So Radiohead is eschewing the labels for their new album, and they’re distributing it themselves as well. An interesting move they should be able to pull off (curious if issues will occur on 10/10 when everybody tries to download it).
As a Radiohead fan I’ve pre-ordered the album. The idea that you can just pay what you want is intriguing. They can do this because they’re popular, and are also selling a box set for over $80 US that will net them a tidy profit. I expect most people will kick in some money on the download album anyway. For the curious, I’m paying roughly $7 (depending on exchange rate); I believe nine or ten dollars for an online album is too much.
Anyway, I’m not posting to mention my music choices, but rather to comment about some that apparently feel this is how other bands should push their music. For example, MacUser’s Derik DeLong writes:
“I can see bands selling their music DRM free on their own websites becoming a really compelling new business model.”
Um, no. If there are any bands sitting at home considering what Radiohead is doing, unless your name is The Beatles, or Led Zeppelin, or something similar, don’t.
There are no details about Radiohead’s album files except a track list. Is there album art? Is it DRM-free? What encoding method? What bit rate? Beats me. For all I know I’m getting 128K WMA files with Microsoft DRM!! Of course, I’m assuming that’s not the case, and these will be high-quality DRM-free files. I trust Radiohead to do this right.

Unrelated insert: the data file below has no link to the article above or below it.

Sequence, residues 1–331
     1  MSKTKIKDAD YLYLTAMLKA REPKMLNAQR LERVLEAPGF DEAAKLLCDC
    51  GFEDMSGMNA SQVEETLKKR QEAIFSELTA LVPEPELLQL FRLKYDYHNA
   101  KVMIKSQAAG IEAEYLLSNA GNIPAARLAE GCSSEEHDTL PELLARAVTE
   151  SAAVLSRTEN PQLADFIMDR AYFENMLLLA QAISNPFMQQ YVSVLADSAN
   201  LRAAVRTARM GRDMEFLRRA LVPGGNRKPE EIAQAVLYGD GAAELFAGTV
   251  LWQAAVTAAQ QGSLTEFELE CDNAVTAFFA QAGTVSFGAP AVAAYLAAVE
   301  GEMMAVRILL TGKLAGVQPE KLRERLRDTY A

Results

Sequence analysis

But do I want to negotiate a separate web site, and would I trust, most bands? For bands I’ve only heard a small sample of, how much “risk” do I take? More importantly, how many slow (and ugly) web sites am I willing to navigate and enter address and credit card information? Not many. Your average garage or bar band is not Radiohead.
I think it’s great if a band wants to cut the labels loose, but that’s a separate issue. You can make your own album these days, but when it comes to distribution — unless you’re giving it away — please use eMusic, iTunes, AmazonMP3, or some other easy, secure, cross-platform merchant. Even as much a music lover as I am, there are only so many sites I’m providing sensitive information to in my quest for tunes. If every band wants to have their own, many of them are going to get overlooked.
Don’t people consider logistics and usability before they talk about “compelling” new business models? It may be great for Radiohead, but for acts like Bishop Allen or The Cinematics, I may never have bought their stuff if it wasn’t on sites like eMusic, iTunes, or Amazon.